Skip to main content
Social Action

Social Action Writing

Course dates

July 2 to July 15, 2018

Application deadline

THE APPLICATION DEADLINE FOR THIS COURSE HAS BEEN EXTENDED! Please contact the Course Coordinator for information.

  • Use your writing to change the world! Whether you write fiction, poetry, essays, or journalism, work with mentor writers to learn to write well, publish your work, and inspire action.
  • Transform life experiences and political perspectives into literary narratives that inspire readers to take action.
  • Discern various types of social action writing; cross genres and boundaries to place audience and impact at the center of your writing.
  • Learn how your writing can come to audience via online publications, daily news sources, literary and academic publications, and books.
  • Discover how journalism, fiction, non-fiction and personal narrative intersect and explore these intersections with an eye on social impact.
  • Explore how you represent various cultures and develop facility moving into standpoint-specific narrative.
  • Read your work in a public student showcase.


Undergraduate: ENGL 421, 3 units
Graduate/post-baccalaureate: ENGL 621, 3 units




All people with basic college-level writing skills can apply and improve the social impact of their writing. Because students will be focused on their own work, writers at different levels can all progress together.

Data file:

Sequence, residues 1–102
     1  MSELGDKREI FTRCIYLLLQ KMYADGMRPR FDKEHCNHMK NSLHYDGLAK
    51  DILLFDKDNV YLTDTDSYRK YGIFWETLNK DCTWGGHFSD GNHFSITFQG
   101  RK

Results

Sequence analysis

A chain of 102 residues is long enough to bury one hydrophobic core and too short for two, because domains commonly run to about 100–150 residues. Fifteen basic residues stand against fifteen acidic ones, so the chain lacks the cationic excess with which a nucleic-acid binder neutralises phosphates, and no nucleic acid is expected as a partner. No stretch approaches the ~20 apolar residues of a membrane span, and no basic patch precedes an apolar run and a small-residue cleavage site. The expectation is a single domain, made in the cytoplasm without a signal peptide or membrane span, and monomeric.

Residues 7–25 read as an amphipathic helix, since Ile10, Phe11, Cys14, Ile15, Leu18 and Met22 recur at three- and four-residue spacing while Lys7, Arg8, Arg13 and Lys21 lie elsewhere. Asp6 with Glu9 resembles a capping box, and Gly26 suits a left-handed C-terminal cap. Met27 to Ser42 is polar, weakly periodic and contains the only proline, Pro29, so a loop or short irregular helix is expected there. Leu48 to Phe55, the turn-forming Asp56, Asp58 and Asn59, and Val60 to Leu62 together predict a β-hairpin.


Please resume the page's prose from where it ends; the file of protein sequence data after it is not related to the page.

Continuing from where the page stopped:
• Submit a statement of interest (no more than one page) and a three-page writing sample of any writing form.
  • Submit/upload the materials listed above when you apply online by April 30, 2018.


Professor Kimberly Dark


Kimberly Dark is a writer, storyteller and raconteur, working to reveal the hidden architecture of everyday life one clever essay, poem, and story at a time. She uses humor, surprise and intimacy to help audiences discover their influences, and reclaim their power as social creators. Kimberly teaches in the graduate program in Sociological Practice at CSU, San Marcos and at Cal State Summer Arts.

Kimberly Dark has written award-winning plays, facilitated and performed for a wide range of audiences in various countries over the past two decades. Her essays appear in popular online publications such as Everyday Feminism and Ravishly. Her poetry and prose are available in various literary and academic publications. Her storytelling performances and interactive lectures make big, complex ideas relatable at campuses, conferences, companies and anywhere people seek startling revelations and positive change. Beloved by diverse audiences, Kimberly crosses boundaries to show how we must engage all the wisdom and verve we have to create the most compassionate, fair and inclusive world we can.

Guest Artists

Kiese Laymon

Kiese Laymon –

Kiese Laymon is a Black southern writer, born and raised in Jackson, Mississippi. Kiese attended Millsaps College and Jackson State University before graduating from Oberlin College. He earned an MFA in Fiction from Indiana University, and is currently a professor of English and African American Studies at the University of Mississippi, and a Distinguished Visiting Professor of Nonfiction at the University of Iowa.